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FORUMS Canon Cameras, Lenses & Accessories Canon EF and EF-S Lenses 
Thread started 11 May 2014 (Sunday) 01:57
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Canon 15-85mm best affordable lens for landscapes?

 
norski_lab
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May 11, 2014 01:57 |  #1

I will be going on a road trip in the next two weeks and I will be hitting a lot of major national parks. I currently have a Canon T3i with the kit 18-55mm and a 50mm.

I asked around and I found the 15-85mm. After reading reviews and seeing sample pics I am very impressed with the lens. I am just worried this lens is a little too outdated.

Is this lens the best bang for my buck or are there better landscape lens out there? I am trying to keep it under $600. I also like the zoom as well as I haven't had a lens that can go that far yet...

Any suggestions would be greatly appreciated!




  
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artyman
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May 11, 2014 02:51 |  #2

It is an excellent walk round lens with a good focal range, it's only drawback is f5.6 at the long end, but then you can't have everything. Though I doubt f5.6 would be a problem with landscapes as likely to be f11 or more.


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MalVeauX
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May 11, 2014 03:18 |  #3

Heya,

I would not call it best bang for buck. It's a great lens, with a very good focal range for "everything" and is great for landscape, as well as everything in between. But I wouldn't call it the best for landscape, at least, for the cost.

I find most national parks like wide angle lenses, but, you always often want a telephoto for wildlife while there, as you're bound to see something at least. You may want to consider that, as well, unless you already have something. Since you're on aps-c (I assume since you're looking at the EF-S 15-85), a 200~250mm long end lens will do quite well and cost little.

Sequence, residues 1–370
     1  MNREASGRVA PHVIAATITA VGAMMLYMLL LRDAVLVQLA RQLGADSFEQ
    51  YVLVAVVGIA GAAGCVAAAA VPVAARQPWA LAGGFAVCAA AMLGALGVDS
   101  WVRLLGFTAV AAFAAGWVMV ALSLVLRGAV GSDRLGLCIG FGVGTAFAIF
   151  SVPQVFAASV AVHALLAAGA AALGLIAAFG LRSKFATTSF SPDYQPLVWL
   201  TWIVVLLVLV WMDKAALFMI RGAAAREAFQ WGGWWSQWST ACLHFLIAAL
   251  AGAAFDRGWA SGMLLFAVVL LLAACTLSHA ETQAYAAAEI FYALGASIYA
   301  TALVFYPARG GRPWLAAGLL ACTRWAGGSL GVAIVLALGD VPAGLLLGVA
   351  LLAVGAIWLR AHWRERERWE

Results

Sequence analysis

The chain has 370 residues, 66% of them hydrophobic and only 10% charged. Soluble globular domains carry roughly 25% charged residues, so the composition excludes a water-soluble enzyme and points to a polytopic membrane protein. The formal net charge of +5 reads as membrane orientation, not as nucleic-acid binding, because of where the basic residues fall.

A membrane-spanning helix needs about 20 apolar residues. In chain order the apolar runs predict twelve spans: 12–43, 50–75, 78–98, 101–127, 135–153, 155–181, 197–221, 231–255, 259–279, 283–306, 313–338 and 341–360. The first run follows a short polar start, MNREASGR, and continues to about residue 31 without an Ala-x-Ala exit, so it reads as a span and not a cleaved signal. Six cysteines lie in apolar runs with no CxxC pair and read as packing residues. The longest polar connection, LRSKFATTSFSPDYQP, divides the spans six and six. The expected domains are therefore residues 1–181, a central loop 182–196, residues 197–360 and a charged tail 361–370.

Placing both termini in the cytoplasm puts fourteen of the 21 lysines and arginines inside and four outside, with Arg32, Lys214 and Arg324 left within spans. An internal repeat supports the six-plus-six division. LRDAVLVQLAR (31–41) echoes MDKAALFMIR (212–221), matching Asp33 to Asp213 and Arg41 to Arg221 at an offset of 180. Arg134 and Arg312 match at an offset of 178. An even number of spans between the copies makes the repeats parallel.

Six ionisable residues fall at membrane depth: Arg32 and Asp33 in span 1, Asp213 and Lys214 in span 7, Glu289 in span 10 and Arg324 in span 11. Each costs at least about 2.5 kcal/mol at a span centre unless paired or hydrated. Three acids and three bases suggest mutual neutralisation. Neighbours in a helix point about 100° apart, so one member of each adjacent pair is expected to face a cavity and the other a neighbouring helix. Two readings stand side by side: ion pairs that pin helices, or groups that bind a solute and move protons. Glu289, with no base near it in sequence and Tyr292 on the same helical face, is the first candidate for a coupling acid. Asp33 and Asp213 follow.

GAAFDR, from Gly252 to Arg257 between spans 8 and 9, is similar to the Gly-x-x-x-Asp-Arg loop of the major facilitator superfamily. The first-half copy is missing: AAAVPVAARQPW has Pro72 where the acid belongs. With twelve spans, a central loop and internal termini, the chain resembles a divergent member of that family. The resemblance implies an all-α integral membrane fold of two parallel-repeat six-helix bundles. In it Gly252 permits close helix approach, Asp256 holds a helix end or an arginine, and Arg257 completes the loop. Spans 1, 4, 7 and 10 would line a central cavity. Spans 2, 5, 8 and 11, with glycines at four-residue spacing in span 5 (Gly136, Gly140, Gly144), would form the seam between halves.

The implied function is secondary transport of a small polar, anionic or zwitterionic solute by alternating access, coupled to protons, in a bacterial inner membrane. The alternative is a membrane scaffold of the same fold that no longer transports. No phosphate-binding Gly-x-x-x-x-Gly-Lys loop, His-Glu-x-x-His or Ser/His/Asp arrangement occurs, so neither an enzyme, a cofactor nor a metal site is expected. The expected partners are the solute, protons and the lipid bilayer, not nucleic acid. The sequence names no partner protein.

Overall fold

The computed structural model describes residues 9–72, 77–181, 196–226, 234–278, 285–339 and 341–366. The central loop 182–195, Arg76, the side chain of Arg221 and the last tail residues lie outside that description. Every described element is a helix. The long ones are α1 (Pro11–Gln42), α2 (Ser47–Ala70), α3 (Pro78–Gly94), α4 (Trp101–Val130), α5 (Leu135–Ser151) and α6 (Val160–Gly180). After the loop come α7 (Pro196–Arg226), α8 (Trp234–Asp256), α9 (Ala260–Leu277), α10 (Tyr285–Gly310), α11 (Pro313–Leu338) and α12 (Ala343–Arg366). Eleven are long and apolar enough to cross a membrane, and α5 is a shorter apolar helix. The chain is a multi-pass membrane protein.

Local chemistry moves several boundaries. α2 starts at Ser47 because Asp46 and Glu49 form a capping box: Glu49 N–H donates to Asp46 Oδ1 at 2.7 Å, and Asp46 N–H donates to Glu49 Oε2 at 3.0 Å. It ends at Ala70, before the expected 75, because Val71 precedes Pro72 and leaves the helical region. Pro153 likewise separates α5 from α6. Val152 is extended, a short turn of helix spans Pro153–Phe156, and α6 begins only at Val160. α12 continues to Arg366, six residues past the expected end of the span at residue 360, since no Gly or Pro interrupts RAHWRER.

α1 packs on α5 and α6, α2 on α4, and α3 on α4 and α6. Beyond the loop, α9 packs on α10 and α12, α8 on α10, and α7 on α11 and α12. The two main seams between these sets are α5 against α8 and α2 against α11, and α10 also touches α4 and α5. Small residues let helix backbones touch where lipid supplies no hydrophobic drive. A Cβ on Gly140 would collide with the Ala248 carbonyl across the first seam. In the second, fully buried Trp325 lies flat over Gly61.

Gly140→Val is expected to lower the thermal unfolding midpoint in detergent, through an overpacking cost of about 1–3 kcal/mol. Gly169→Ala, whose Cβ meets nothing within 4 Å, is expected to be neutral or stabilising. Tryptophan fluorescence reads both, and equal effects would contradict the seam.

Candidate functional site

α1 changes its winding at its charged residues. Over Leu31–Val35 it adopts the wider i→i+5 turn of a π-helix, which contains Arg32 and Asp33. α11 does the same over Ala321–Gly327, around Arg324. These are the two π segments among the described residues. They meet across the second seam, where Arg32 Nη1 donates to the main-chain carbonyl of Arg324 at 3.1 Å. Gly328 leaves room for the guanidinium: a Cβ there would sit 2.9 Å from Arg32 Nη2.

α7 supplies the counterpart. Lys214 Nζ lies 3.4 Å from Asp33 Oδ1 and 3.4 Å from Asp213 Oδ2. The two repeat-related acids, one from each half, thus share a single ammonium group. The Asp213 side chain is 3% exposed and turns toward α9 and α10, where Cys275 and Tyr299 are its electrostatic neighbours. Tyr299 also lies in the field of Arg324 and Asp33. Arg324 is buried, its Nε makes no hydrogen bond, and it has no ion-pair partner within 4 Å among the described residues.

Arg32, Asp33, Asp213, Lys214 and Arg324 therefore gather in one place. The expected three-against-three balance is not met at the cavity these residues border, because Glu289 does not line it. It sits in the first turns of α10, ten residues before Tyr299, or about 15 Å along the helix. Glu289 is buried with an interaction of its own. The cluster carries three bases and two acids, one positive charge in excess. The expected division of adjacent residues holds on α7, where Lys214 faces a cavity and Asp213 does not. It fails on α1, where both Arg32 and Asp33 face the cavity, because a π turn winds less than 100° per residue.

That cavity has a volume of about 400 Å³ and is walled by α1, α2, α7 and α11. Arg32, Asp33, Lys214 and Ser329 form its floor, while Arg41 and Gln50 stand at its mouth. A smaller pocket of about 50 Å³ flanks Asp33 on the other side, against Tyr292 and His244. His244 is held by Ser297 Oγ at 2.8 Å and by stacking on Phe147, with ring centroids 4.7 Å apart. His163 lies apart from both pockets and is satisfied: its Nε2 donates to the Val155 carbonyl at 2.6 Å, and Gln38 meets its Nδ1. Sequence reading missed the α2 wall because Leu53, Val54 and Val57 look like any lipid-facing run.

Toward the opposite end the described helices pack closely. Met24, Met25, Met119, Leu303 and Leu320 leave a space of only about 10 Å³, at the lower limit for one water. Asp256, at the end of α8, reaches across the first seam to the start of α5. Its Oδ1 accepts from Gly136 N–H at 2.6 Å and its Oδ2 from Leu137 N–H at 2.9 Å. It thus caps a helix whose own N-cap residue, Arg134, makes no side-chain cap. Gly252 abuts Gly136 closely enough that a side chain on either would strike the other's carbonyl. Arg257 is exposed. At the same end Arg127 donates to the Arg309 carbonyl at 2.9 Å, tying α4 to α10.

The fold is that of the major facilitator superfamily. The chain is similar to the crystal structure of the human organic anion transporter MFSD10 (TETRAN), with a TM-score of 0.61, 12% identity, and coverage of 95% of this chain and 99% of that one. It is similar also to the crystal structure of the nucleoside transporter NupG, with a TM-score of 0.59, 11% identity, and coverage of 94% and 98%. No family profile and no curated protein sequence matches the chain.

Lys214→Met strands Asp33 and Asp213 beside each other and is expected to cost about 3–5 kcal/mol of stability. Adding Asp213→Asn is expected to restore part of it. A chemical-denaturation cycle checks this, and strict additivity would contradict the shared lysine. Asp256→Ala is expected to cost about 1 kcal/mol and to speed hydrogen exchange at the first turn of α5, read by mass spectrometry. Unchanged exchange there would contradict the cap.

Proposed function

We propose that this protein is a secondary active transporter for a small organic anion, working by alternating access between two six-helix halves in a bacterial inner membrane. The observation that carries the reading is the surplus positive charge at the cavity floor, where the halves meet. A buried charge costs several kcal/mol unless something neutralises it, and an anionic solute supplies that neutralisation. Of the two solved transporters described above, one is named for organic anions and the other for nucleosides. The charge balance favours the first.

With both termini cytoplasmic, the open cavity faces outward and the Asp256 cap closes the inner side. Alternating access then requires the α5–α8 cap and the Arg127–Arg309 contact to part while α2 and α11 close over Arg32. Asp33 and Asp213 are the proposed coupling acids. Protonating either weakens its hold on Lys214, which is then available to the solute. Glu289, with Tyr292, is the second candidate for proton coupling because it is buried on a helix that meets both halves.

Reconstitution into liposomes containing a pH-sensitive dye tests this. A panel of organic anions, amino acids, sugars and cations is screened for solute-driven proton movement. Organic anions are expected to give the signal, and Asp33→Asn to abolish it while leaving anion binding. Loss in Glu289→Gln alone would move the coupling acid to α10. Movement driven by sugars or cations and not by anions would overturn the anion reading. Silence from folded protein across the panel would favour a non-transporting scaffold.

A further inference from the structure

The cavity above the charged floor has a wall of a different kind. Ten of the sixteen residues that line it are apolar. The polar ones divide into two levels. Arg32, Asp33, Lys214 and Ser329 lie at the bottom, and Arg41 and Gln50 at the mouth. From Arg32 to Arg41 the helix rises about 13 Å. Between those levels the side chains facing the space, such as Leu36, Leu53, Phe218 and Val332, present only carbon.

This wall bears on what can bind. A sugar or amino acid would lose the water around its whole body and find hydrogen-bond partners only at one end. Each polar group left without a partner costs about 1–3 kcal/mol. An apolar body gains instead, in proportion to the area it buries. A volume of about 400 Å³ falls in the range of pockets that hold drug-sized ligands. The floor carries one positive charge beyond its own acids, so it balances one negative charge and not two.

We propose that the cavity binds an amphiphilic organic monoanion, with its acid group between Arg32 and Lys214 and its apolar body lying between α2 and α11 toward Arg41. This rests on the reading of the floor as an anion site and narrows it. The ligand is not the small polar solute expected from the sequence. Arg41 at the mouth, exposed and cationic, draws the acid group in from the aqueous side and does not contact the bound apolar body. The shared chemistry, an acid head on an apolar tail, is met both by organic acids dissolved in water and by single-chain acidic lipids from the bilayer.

Some lenses maybe to consider:

Rokinon 14mm F2.8 - Sharp, fully manual, inexpensive.

Rokinon 16mm F2 - Another lens that is a stop faster, worth looking at if you like wide field astrophotography. Fully manual.

Tokina 11-16 F2.8 II - Ultrawide with a great range, sharp lens, fast aperture, prone to flare if pointed at a light source. Takes filters.

Tokina 16-28 F2.8 PRO - Their latest ultrawide zoom, very sharp, fast aperture. Not as wide as the others, as it was meant for working on full frame as well as aps-c. Great focal range though.

Canon EF-S 10-22 - Ultrawide, very sharp, great control. If shooting landscape in the daylight this is probably the better lens to have on a crop. Takes filters. Only con is the slower apertures, but this doesn't matter for landscape, it only matters if you want fast aperture for night sky photography.

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1Tanker
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May 11, 2014 03:22 as a reply to  @ artyman's post |  #4

It's my favorite landscape (and walkaround) lens. Very sharp, great colors, excellent IS, awesome range. It is NOT a low-light lens, but i still get decent pics at ISO 640 on overcast days. You can get good shots down to 1/30-1/20 at the wide end.. handheld.

And no.. it is not too outdated! ;)


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InfiniteDivide